Cardinals, orioles and king birds flew in and out of treetop hiding spots along the banks. Two turkey vultures soared overhead, checking out the stragglers at about mile 7.

We ended with the same number of paddlers that launched, no carrion left behind.

One by one, the kayaks of plastic, Fiberglas or wood glided under the wooden substructure of the bridge at County O and turned hard left to the sand and muck landing.

Gear stowed and boats back on car tops, it was time to check out the local preferences for soothing a thirst and restoring spent calories. And to revel in a day on the water.

Thursday, April 23, 2015

Counting on a good morning

By David Horst

HORTONVILLE -- Thirty-two was the number I entered on the form under "Total number of sandhill cranes observed or heard."

It is the biggest number I've recorded in some years for the International Crane Foundation's annual Midwest Crane Count, which took place Saturday. But the most I saw on the ground at any given time was two.

My statistics were built on cranes flying in, flying out or flying over. I heard them congregating, but they chose to settle in a depression behind a few rows of last year's corn stalks, just out of my view.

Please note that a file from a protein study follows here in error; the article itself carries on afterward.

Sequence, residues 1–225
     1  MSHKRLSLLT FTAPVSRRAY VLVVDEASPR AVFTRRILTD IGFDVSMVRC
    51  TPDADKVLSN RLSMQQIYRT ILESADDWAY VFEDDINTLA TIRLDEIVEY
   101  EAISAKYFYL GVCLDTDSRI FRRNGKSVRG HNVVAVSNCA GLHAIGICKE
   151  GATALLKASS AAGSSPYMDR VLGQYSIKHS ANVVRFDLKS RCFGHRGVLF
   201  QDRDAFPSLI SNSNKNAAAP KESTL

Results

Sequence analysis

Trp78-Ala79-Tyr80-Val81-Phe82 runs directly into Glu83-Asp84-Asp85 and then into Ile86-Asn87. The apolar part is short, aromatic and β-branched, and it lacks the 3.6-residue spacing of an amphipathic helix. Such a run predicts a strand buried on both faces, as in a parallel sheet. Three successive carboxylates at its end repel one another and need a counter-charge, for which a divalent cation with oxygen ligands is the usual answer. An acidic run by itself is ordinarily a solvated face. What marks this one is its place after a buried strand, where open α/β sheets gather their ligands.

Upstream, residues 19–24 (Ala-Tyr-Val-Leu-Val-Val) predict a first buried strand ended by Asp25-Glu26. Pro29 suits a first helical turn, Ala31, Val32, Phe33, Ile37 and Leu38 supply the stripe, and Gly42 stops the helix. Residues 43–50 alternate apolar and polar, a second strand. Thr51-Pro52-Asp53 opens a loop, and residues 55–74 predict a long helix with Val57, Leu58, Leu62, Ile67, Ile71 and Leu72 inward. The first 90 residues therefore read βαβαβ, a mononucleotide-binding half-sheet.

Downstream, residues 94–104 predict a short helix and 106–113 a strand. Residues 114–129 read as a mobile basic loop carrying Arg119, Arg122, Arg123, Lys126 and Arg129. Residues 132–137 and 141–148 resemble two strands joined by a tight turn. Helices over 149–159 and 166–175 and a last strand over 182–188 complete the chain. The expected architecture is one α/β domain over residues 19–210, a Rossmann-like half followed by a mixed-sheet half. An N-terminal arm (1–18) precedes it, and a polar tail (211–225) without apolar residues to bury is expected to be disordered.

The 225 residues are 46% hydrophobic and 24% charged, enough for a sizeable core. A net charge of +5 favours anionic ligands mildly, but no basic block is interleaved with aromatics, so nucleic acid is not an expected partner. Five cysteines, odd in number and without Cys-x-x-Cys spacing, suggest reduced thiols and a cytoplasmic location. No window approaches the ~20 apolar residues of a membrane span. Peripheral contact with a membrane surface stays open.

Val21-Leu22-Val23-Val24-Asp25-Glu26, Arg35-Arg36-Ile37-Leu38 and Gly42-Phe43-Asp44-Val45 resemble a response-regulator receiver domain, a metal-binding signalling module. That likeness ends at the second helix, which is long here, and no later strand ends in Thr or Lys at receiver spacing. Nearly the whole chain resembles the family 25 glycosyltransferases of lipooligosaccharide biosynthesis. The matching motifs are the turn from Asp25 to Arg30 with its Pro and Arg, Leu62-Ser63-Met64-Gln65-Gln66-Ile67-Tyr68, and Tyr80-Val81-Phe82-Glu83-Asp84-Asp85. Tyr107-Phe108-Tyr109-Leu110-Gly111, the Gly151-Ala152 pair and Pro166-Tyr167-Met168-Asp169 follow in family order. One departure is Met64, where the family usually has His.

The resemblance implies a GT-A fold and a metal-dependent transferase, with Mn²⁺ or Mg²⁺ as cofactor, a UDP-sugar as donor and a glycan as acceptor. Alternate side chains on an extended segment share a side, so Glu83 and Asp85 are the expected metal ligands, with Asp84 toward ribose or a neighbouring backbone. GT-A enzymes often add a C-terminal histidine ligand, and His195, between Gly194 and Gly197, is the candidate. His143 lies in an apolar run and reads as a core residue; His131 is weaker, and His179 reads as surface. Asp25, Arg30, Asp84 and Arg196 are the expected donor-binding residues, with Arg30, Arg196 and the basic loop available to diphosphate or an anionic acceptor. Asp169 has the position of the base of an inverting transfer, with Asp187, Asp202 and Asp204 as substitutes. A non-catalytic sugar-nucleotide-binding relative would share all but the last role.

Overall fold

Tuesday, April 21, 2015

Remembering Ellen Kort

This column first ran in May of 2010 in a week like this one, following the annual Midwest Crane Count. Ellen Kort died this morning. I hope she gets her wish.

Sandhill cranes lift poet to flights of fancy

How about starting your workday by getting a call from Wisconsin's first poet laureate? 

She says she enjoyed reading about the Midwest Crane Count and has something she wants me to hear. It's a poem about sandhills. It's a poem about how, when she dies, she wants to come back as a sandhill crane.

My computer is still booting up. My brain is trailing even further behind. Then I am graced by lovely words from the trusted, calming voice of Ellen Kort.

"If there is faith at the appointed hour / if light breaks open and this time I get to choose / I will come back as a sandhill crane," she begins.

The poem is unpublished, so I will respect her right to choose when and how it sees print in its entirety.

While I have been writing most of my life, I am an unwashed cretin when it comes to poetry. I appreciate its imagery and its rhythm, but I know nothing about what it is supposed to do - other than to touch the soul.

That's what Ellen's morning call did. That's what the silent morning flight of the large cranes does.

Ellen is more than the former poet laureate to me. She is the mom of a former co-worker, the grandmother of a former student of my wife's and, I am quite tickled to say, a reader of my column. 

And she is a fellow admirer of the crane.

"I want to be the one who opens the morning sky," she tells me.

She simmers and bastes the language, reducing it to its flavorful essence.

She says that when we hear the crane chorus, we'll know she is near: "For you, I will fly low enough to lay my shadow on the ground."

My leathered journalist's spine tingles at the picture she paints.

I had the full poem by the end of the morning, complete with Ellen's signature. It has a spot waiting in my office, next to another of her crane poems, a wonderful birthday present from my wife.

-- David Horst